By Mike Hess
Here we are at the end of 2020. Most of us feel like we have just ended a grueling run—a run full of hills, headwinds, unexpected potholes, and a route that never seemed to end. The interesting thing about coming to the end of a grueling race is that once we’ve caught our breath and had time to reflect on what we just went through, we can usually say that running a difficult race was good.
If you were measuring 2020 by only an earthly metric, it would be impossible to say that 2020 was a good year. We have faced challenges the likes of which we personally have never seen before. Nevertheless, 2020 has actually been a good year, because when we measure the word good by a Biblical metric, our conclusion must be that God has used 2020 for our ultimate good.
What exactly is that good? Let’s allow Scripture to define our term: “And we know that for those who love God all things work together for good, for those who are called according to his purpose. For those whom he foreknew he also predestined to be conformed to the image of his Son, in order that he might be the firstborn among many brothers” (Romans 8:28–29, ESV, italics added).
The truth of these verses teaches us that the circumstances and events that God has ordained for our lives serve one purpose: to conform us to the image of His Son. If God has used the circumstances of 2020 to make you more like Christ, then 2020 has indeed been a good year. For that is how God defines good, so we must define good that way too.
Please note that the point of this article is not to debate or dispute the validity of COVID-19 protocols or mitigations. My goal is to highlight that despite all the God-ordained challenges, there are specific ways God has pointed us to the likeness of His Son.
Let me give you five ways in which God has brought about good despite an incredibly challenging year:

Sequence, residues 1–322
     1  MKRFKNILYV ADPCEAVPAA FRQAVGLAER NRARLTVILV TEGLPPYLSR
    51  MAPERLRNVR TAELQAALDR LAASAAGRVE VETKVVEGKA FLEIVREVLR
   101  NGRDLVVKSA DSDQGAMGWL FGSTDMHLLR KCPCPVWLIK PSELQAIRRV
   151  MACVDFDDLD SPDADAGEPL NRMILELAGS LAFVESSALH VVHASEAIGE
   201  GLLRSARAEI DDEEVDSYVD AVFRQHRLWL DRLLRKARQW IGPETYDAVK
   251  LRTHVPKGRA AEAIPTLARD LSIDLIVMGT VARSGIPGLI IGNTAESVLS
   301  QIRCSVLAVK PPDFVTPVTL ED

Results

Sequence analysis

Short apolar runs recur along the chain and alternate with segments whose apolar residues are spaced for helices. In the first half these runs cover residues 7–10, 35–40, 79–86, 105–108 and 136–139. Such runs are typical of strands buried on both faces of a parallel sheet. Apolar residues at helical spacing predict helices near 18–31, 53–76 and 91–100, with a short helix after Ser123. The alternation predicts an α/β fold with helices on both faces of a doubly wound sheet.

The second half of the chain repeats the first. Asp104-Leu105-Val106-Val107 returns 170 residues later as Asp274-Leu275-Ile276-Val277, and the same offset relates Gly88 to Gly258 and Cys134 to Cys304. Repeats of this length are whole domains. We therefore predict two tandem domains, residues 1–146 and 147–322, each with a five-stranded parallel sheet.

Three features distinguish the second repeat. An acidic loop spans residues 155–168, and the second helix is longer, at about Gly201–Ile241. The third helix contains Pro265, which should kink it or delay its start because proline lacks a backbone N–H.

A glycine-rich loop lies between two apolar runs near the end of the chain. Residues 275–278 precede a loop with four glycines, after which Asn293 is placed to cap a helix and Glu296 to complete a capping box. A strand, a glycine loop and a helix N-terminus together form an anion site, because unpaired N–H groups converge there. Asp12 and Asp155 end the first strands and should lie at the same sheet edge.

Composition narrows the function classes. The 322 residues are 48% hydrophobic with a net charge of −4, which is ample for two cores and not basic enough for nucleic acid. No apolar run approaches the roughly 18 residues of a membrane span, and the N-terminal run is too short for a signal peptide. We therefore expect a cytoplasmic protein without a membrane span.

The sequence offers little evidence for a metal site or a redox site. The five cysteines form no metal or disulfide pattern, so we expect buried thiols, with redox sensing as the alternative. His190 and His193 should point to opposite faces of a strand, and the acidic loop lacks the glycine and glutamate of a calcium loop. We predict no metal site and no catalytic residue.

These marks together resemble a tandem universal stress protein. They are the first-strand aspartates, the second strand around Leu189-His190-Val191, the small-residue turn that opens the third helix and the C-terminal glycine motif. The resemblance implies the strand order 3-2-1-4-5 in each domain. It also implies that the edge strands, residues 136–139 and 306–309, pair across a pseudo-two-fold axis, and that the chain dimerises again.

1. Renewed Appreciation for the Local Church
My prayer for my own heart is that I never again take for granted the wonderful joy and privilege of gathering in person with God’s people. Computer screens provide a nice way of facilitating the preaching of the Word, but they can never take the place of the ordinances, in-person meetings, mutual encouragement, welcoming one another, singing, sharing—I’m sure you can add your own items to this list.
The year 2020 has provided a powerful reminder that nothing can replace meeting and worshiping in person as a local church. May our hearts yearn to assemble with God’s people like never before. The church should play such a central role in our growth in grace that not being there creates a void in our hearts that creates in us an insatiable desire to gather each Sunday with other committed saints in our local church.
2. We Are Not in Control
Throughout 2020 God has constantly brought my mind back to the words of Proverbs 19:21, “Many are the plans in the mind of a man, but it is the purpose of the Lord that will stand.” The theological truth of God’s sovereignty has become intensely practical in 2020. Our plans—as well-intentioned and calculated as they might be—are at the mercy of God’s sovereign control.
What a comfort it is when it seems like things are spiraling out of control that God is in complete control. His sovereign control gives us rest, calm, peace, assurance, and perspective. It is not meant to build smug theological arrogance; it is meant to change our character into the character of Christ.